We are almost at the end of 2018 – can you believe it? It is naturally the time of year when we reflect on the last 12 months, and set our goals for 2019.
If you haven’t quite met your goals for this year, now is the perfect time to reset for next year. And what better way to do so than in the form of a language challenge?
Why do a language challenge?
Language challenges are a great way to develop new habits, which is ultimately the best way to achieve your goals. I like language challenges because they offer what often feels like an easier way to start a new habit. When you know that you only have to stick to something for one week or one month, it doesn’t feel as hard to get the motivation to keep going.
I think it’s a great way to get back into language learning if you’ve had a break for whatever reason (sometimes a break can be more beneficial than we think). There is also a sense of community around people doing the challenge at the same time, especially on social media.
There are many types of language challenges out there. Some focus on developing a particular skill (eg. speaking), and some are more focused on exposing yourself to a language in some way every day. It’s worth having a look around to see if you can find a challenge that tackles one of your weak points.
You could always make up your own language challenge tailored to the skills/knowledge you want to work on. For example, you could set yourself a challenge to:
- Learn x number of words
- Watch x number of films/ episodes of a TV show
- Speak for x minutes every day
- Read x pages in your target language every day
How to make the most of your language challenge
Normally the first couple of days of a language challenge are super exciting, but as the reality of following the challenge hits it can be tricky actually complete them. These are some of the things that have really helped me with past language challenges:
- Think about when you are going to dedicate time to complete the challenge
Have a think about the best time of day for you to dedicate to the challenge. It is very easy to start a challenge and then give up because you are too busy to actually finish! Take a look at your schedule and try to identify any so-called ‘dead time’ in your day, which could be spent more wisely on completing the challenge.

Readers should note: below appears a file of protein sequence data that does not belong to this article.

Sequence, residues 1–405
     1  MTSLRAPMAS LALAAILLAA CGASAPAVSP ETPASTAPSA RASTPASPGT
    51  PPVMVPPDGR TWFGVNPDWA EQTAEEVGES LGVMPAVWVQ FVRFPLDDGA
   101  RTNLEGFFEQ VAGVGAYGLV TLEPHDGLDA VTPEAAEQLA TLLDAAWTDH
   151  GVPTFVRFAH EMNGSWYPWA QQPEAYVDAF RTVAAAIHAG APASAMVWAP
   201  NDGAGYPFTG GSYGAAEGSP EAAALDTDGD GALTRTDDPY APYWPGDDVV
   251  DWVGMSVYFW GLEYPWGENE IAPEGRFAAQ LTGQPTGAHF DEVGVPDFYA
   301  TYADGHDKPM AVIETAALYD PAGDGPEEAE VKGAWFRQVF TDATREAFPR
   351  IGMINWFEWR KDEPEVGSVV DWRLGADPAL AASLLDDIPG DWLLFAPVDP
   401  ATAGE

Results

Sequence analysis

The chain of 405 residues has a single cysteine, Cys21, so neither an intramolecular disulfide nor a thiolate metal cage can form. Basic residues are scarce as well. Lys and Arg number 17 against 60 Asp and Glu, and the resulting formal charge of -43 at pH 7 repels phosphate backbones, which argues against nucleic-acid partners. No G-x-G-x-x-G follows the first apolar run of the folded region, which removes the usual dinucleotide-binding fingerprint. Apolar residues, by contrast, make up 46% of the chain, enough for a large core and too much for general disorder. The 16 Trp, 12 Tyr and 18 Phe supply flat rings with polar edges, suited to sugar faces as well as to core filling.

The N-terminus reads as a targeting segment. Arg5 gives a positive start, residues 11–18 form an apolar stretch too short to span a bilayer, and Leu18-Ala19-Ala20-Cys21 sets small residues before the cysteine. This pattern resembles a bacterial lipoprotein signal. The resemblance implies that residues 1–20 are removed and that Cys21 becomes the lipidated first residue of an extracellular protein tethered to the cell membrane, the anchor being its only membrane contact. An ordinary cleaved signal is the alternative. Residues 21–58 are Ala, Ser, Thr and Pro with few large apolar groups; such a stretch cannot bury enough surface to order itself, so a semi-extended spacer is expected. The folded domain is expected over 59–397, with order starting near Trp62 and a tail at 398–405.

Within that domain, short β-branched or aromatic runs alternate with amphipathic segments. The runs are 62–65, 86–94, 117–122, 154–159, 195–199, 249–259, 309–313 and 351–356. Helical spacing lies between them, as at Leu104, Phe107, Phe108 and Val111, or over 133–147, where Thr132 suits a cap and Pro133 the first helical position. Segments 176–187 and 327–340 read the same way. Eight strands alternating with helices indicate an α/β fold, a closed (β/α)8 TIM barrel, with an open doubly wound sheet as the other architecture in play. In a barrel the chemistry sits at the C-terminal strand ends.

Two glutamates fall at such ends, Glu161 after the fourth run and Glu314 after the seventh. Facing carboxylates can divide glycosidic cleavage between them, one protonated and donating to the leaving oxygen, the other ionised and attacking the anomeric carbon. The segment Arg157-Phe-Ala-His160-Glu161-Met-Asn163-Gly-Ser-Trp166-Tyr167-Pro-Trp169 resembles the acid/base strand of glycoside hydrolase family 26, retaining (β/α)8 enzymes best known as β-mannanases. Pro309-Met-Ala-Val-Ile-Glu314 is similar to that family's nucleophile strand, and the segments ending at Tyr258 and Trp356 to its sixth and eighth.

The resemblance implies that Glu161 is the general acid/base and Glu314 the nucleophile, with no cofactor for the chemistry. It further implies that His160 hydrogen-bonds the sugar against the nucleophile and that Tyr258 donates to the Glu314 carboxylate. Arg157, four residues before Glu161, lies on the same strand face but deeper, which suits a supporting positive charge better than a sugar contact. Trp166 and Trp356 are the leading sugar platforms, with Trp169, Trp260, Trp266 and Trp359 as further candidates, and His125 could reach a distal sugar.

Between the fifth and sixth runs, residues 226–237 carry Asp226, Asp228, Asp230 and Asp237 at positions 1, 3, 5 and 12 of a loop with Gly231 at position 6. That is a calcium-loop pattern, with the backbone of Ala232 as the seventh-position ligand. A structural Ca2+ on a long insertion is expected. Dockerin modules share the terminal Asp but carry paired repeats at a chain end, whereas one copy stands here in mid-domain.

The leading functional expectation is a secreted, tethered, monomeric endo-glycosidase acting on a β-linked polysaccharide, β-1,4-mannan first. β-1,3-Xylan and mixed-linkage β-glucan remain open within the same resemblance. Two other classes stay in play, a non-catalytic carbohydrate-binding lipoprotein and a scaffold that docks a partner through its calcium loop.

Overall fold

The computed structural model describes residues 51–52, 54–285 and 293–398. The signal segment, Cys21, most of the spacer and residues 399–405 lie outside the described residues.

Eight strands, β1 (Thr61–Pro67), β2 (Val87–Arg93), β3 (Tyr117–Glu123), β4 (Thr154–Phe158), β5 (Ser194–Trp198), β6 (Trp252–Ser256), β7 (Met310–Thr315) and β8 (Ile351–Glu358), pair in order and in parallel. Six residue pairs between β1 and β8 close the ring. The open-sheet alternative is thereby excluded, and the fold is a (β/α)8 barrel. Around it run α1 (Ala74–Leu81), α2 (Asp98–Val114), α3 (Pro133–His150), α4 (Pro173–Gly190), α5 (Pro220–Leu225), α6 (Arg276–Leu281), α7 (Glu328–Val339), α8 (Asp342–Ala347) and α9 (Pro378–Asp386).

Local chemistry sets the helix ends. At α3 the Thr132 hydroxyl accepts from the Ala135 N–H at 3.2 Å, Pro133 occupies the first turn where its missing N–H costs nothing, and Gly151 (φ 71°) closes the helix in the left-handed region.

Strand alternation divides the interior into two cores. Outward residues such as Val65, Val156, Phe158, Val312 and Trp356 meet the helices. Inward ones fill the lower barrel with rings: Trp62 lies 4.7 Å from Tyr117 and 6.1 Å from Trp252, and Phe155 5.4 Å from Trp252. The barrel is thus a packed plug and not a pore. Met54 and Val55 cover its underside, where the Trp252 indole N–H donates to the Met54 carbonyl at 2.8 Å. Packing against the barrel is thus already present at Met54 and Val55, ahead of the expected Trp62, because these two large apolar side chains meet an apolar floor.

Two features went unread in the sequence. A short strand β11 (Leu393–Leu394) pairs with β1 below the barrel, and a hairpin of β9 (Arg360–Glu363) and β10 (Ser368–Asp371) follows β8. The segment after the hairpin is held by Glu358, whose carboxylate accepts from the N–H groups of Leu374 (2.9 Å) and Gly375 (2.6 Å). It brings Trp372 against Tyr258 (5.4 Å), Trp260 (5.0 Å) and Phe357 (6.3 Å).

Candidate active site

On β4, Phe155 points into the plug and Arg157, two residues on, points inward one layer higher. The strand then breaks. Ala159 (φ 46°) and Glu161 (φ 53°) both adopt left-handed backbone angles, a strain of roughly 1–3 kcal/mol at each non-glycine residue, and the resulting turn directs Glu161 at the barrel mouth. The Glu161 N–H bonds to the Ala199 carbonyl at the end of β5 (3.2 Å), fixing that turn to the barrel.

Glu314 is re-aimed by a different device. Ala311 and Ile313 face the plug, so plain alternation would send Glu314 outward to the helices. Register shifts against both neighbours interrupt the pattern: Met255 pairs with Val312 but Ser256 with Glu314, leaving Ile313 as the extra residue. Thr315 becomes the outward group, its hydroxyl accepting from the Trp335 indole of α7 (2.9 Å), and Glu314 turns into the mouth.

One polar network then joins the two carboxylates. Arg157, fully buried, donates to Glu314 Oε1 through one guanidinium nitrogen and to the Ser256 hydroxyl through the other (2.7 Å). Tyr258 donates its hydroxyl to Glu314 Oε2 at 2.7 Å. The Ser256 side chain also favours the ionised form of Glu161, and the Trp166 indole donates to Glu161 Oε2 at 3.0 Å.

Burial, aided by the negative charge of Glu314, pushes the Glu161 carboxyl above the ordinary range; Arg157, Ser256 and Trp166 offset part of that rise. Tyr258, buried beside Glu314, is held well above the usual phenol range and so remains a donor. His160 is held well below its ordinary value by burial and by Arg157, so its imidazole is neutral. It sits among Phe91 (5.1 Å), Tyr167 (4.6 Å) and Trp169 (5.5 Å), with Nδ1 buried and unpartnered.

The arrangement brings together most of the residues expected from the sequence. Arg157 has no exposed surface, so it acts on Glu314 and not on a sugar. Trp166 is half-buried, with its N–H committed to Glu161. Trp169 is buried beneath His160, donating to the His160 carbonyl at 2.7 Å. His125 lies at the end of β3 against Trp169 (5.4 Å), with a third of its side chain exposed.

There are going to be certain days when you are busier than others. If there are any large events coming up, have an idea of how you might be able to work around it. There’s no harm in missing a day here and there should you not have the time – just add them on to the end of the challenge.
- Think about what you want to achieve
This could simply be getting to the end of the challenge, which is absolutely fine!
Getting to the end of the challenge is can be the beginning of something bigger. I do think that pursuing a challenge is to bring about some sort of change in your way of thinking.
With languages, it could be something like getting the confidence to speak your target language, or getting a deeper understanding of the culture(s) that the language is connected. These are most likely going to be your motivators for actually getting to the end of the challenge.
- Find a way to track your progress
I am really keen on tracking my progress with challenges in some way. This could be in the form of a bullet journal, crossing dates off in a calendar, or using an app. Having that visual representation of the challenge in front of you can be an extremely powerful thing for your motivation!
- Keep in touch with others doing the challenge.
Social media hashtags provide a really good way of finding out how everyone else is doing. Sometimes it is that little extra push we get from seeing others in the same boat that helps you stay on track.
It is important to say that you shouldn’t compare yourself to others too much – ultimately your journey will be different from others, and there are some things that others may find easier than others and vice versa.
Even if you don’t quite make it to the end of the challenge, don’t beat yourself up. Always focus on the positives and if needed use the opportunity to think about approaching things differently next time.
List of Language Challenges
Here is a list of language challenges out there that I know of:
General Language Challenges
Eurolinguiste Language Learning Challenge (general language learning challenge)
Joyoflanguages Language Diary Challenge (speaking)
Lindsay Does Languages Instagram Language Challenge (speaking/writing)
30 Day Record Yourself Challenge (speaking)
Italki Language Challenge (speaking/ tutoring)
Noun Verb Adjective Challenge (writing – I’ve written about this challenge here*)
Japanese Language Specific Challenges
Manga Sensei’s 30 day Japanese Challenge (for complete beginners)
JTalkOnline’s Improve Japanese Reading Challenge (2-week challenge)
Kotobites 30-day Writing Challenge (writing, but you could use it for speaking too!)
I know that the above list is only scratching the surface of the many challenges out there. If there are any cool language challenges you have come across, please let me know in the comments so that I can add them to the list!